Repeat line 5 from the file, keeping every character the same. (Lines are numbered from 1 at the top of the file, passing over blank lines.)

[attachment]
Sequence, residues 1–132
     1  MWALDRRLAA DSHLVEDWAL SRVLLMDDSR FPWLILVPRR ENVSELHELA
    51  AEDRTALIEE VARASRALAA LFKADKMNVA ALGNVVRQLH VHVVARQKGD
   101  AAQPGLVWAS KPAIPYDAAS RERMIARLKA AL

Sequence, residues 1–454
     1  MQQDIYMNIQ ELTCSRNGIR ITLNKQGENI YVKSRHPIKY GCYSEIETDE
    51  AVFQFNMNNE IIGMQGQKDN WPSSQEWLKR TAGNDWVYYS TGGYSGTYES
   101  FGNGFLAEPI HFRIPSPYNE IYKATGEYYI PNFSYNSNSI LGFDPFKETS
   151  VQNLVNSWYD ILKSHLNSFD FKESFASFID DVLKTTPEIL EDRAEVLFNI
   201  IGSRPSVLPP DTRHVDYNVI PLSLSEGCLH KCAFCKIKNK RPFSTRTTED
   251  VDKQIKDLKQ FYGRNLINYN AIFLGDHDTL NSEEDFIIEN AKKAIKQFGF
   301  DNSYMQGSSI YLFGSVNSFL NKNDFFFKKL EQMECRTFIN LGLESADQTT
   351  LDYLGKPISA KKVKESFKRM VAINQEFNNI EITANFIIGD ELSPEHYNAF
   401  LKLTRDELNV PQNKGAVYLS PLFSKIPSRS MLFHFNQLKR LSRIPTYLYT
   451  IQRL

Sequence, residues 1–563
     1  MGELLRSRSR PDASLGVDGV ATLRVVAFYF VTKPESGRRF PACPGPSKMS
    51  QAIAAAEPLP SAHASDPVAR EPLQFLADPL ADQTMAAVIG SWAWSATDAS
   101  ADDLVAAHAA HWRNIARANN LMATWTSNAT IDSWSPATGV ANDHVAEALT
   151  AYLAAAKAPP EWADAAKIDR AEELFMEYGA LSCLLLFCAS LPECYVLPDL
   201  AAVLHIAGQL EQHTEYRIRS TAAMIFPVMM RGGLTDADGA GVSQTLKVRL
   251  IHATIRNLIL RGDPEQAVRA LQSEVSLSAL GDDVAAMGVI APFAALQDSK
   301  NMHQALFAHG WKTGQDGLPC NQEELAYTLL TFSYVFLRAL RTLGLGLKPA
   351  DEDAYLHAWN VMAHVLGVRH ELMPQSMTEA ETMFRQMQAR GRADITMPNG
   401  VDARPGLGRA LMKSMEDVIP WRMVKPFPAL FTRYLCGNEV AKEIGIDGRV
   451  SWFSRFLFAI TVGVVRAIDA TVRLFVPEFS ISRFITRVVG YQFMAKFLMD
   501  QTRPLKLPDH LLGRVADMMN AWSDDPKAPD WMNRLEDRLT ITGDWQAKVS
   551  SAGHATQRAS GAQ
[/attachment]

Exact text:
Sequence, residues 1–454